As climate change, water scarcity and environmental concerns impact on our global food production, brands have the power to create the mainstream change we need to keep our growing world fed and watered.
In this month’s Futures feed – Food Reformations – we explore the innovations and technology behind where the food of the future will come from. We discuss how aesthetics and format will need to radically change, as we re-engineer resources and harness advanced and sustainable innovation. But, ultimately, our challenge is to make the food of the future both delicious and desirable. Notable newcomers in this space include Misfits, who are making juice products from the oddball produce that farmers can’t sell and The Wally Shop, a zero-waste food and lifestyle delivery service.
In this latest feed we explore five emerging themes of change, which are brought to life with key insights, best-in-class case study examples and opportunity areas for brands looking to capitalise on the emerging changes in this sector.
Five key themes of Change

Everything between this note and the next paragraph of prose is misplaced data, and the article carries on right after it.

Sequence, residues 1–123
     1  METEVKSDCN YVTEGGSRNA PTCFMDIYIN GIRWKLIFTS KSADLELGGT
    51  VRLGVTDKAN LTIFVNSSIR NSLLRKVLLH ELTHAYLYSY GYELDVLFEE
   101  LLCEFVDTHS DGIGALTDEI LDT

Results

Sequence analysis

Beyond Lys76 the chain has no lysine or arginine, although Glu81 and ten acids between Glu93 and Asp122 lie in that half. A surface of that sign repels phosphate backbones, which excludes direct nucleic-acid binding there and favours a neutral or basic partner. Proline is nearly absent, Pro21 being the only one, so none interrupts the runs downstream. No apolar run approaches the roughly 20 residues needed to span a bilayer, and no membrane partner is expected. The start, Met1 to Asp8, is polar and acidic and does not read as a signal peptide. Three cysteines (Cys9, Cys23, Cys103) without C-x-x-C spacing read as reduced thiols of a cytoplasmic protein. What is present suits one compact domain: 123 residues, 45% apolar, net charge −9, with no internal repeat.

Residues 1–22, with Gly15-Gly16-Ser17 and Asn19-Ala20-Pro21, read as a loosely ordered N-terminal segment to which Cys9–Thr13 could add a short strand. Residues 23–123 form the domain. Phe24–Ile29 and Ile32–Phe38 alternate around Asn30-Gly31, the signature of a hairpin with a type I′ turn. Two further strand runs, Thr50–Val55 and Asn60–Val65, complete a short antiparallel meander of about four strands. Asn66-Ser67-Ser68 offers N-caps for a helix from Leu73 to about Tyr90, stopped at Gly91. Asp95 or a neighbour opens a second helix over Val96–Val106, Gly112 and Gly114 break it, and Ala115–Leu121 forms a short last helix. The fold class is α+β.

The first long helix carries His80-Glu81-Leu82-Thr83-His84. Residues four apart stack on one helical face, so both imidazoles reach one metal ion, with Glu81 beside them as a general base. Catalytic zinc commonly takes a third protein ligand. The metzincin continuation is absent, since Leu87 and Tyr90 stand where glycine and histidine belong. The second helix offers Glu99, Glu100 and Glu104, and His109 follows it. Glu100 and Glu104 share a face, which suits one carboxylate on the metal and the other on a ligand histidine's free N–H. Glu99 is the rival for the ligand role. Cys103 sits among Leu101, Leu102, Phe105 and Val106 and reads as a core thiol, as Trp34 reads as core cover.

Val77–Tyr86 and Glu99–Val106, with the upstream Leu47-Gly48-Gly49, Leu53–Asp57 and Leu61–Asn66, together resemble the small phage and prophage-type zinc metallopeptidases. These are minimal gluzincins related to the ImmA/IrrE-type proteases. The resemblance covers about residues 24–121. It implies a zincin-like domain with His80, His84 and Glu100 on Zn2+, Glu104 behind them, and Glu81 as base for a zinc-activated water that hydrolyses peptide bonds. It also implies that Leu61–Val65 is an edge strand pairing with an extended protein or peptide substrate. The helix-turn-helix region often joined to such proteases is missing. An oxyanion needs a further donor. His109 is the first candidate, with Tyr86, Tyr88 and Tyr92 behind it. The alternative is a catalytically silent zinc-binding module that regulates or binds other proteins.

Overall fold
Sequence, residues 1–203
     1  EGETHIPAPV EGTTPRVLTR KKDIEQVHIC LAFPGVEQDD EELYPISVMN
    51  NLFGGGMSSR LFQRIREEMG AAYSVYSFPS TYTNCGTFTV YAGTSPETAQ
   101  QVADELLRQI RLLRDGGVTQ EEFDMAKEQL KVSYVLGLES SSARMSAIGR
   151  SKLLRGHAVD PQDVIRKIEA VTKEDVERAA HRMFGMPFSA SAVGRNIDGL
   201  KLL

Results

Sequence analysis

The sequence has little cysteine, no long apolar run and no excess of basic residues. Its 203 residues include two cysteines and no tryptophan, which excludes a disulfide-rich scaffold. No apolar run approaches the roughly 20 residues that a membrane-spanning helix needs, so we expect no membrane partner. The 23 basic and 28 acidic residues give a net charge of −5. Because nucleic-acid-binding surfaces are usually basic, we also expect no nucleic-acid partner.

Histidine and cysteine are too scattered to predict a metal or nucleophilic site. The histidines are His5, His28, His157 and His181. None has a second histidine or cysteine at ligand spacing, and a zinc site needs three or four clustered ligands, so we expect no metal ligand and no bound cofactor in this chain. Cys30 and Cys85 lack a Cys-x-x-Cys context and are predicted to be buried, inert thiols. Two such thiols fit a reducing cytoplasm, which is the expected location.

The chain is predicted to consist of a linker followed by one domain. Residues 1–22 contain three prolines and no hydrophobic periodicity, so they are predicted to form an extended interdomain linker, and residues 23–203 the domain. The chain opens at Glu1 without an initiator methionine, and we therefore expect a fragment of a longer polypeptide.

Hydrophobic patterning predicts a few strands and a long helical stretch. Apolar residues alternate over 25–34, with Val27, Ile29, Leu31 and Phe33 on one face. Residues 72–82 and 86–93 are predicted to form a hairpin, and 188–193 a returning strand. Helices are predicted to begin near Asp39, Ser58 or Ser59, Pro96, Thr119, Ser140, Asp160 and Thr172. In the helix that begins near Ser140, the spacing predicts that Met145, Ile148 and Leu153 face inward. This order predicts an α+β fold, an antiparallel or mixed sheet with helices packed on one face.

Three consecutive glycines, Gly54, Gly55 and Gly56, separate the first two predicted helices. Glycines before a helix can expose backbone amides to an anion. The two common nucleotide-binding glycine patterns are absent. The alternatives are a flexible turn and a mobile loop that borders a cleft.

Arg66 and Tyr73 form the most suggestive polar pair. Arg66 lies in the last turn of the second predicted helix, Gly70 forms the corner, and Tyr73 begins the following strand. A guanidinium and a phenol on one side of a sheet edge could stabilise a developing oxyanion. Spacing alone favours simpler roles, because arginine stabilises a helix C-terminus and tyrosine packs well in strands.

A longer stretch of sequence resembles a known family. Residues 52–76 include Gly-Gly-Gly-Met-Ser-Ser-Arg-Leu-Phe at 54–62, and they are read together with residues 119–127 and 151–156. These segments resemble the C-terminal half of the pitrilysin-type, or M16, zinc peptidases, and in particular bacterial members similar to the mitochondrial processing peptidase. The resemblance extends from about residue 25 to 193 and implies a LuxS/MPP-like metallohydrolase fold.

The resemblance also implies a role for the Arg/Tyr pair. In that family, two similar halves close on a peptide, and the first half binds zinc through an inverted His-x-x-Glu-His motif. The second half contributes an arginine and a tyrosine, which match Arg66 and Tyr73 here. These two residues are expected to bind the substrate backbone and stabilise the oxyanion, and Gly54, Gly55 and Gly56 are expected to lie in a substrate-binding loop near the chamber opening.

1. Everyday Alternatives
Engaging people to buy sustainable and lightweight options as part of their everyday food regime
2. Harvested Waste
Re-using waste in looped systems to create a better food chain and legacy
3. Hyper-local Cultivation
Reconnecting consumers to hyper-local products and the origins of food source
4. Re-engineered Heritage
Using a less-is-more approach by nurturing seasonal and selective flavours in food
5. Smart Eco-systems
Embedding whole sustainable systemic solutions that benefit brands and their wider environments
What is the opportunity in this space?
– Help change consumer buying and consumption habits by making more sustainable alternatives accessible, visually engaging and desirable.
– Celebrate a new generation of food localism by thinking systemically and collaborating to imagine a future that benefits individuals, community and the planet.
– As the guidelines, recommendations and legislation of sustainability constantly evolve, brands need to be imaginative, innovative and creative when it comes to the systems they create and the way they tackle waste.